Battle for the living room…Apple, Microsoft, Sony and Roku have sharpened their swords, so look out!

The battle for the living room is, once again, heating up. The question, however, is this: does joe and jane consumer really want it? 

For the next battle, we have Microsoft’s XBOX One, Sony’s PS4, Roku, Apple TV and a host of other boxes from Western Digital, Cisco and others. In addition, there’s a slew of cheap (under $100) Android based gaming consoles that, because they are Android, will likely also offer other services in addition to the gaming aspect.

Apple it readying a new release of iOS, iOS 7, that will also run on the Apple TV. iTunes Radio will be a feature of the update to Apple TV as will the new AirPlay. You will be able to stream your iPhones screen and audio to your HD TV via Apple TV. A sly way to give Apple TV yet even more reason to live.

Roku has introduced new versions of its hockey puck player and added gaming in the mix.

Microsoft, of course, has the XBOX One. The One has a ton of entertainment features and on line video features. With the XBOX Video and Music store readily available, plus agreements from Comcast, Warner and Verizon, the XBOX One can replace your cable box.  The Blu-Ray drive will allow the XBOX to play all of those discs in addition to DVD. At $499, it is the most expensive option out there.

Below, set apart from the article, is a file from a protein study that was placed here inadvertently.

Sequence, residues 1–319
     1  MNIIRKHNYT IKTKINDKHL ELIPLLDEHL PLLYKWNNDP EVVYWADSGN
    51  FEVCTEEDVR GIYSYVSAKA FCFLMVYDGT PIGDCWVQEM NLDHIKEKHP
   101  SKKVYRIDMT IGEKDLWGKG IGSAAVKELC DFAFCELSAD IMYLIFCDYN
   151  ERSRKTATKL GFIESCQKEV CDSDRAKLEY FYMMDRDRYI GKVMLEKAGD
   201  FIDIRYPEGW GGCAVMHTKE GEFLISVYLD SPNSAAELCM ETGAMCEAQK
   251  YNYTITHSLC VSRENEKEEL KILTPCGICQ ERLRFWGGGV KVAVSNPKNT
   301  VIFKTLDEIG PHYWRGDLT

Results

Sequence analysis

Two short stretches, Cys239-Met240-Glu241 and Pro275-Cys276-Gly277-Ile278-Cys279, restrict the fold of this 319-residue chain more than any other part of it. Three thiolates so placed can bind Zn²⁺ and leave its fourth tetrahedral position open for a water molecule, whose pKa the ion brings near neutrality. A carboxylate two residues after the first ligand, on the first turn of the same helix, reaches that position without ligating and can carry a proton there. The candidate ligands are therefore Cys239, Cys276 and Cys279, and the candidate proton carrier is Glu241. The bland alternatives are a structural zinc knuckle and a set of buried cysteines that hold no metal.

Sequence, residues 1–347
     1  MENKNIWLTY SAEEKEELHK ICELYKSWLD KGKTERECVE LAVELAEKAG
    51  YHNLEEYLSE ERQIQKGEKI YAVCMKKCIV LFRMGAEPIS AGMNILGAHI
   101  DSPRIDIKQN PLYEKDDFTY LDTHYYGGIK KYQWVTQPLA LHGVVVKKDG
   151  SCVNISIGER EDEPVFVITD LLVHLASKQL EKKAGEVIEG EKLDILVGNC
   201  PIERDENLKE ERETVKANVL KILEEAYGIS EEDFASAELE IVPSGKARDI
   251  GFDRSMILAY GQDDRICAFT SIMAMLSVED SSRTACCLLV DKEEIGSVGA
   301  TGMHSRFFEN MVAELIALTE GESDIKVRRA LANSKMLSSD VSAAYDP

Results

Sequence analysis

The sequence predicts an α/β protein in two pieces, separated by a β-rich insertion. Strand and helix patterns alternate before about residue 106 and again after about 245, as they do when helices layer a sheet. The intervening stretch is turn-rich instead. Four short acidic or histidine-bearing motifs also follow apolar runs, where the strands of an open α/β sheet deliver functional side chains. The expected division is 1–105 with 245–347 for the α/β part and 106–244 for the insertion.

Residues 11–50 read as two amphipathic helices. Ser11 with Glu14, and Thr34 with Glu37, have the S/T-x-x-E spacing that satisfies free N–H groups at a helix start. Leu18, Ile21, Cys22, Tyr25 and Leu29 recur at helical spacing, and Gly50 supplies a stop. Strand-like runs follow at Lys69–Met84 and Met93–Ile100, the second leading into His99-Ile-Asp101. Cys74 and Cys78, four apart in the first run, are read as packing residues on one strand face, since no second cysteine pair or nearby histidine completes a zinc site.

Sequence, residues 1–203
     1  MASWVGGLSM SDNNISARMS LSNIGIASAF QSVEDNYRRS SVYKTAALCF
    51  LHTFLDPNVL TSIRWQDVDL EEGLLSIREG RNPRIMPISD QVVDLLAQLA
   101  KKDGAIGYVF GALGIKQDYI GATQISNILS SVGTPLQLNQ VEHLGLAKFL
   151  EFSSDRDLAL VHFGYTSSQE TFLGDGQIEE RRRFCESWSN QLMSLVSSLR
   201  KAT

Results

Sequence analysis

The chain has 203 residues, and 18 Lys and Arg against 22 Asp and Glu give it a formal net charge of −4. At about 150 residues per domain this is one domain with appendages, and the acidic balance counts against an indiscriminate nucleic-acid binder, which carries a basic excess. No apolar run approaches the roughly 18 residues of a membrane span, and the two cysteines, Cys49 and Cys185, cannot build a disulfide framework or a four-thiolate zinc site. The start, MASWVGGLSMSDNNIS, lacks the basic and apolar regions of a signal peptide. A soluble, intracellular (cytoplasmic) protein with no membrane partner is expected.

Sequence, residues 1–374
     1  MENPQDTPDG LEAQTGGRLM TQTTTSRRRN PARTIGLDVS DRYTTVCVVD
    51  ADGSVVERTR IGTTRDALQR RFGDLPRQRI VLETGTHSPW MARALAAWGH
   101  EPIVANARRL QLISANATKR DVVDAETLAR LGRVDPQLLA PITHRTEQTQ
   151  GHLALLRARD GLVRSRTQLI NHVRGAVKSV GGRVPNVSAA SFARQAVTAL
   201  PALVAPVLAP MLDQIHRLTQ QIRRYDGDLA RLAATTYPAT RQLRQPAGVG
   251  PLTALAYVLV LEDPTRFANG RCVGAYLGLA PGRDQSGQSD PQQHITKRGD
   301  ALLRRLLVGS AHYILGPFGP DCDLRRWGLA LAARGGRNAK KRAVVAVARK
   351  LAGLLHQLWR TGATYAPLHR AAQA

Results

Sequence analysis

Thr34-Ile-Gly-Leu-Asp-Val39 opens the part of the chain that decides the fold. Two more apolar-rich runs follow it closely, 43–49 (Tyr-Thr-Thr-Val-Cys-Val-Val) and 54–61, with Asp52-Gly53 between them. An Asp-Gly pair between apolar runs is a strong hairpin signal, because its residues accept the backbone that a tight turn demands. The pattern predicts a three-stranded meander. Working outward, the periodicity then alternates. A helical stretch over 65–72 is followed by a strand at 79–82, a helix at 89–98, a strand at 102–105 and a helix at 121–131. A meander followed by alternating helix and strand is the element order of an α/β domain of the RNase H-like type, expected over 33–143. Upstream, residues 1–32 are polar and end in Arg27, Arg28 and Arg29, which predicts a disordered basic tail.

Sony, of course, has its PS4. The PS4 is very much like the XBOX One in its feature list, but does not have quite as much to offer in the online arena and there are no deals with cable companies to offer cable programming via the console. What they do have, however, are enough popular services, like HULU and Netflix to keep anyone happy. Plus, the PS4 is $399, less than the XBOX One.

Perhaps the slyest of the sly are those Android based game consoles. I use the term console loosely as some of them look like over sized USB sticks and plug into the TV’s HDMI port.  These things will sport one of the more recent flavors of Android, cost under a hundred bucks and will work with true game controllers. However, since they are Android, that means they will be offered with minimal entertainment choices (perhaps Netflix and/or Hulu) or will be easily hacked to do so. I suspect these little boxes or sticks will gain a lot of traction because of the price and the fact that Android is the most popular phone platform.  And the games…the games are familiar and many, if not most, are free to play. Who wouldn’t want to play Candy Crush Saga or Plants V Zombies on their HDTV?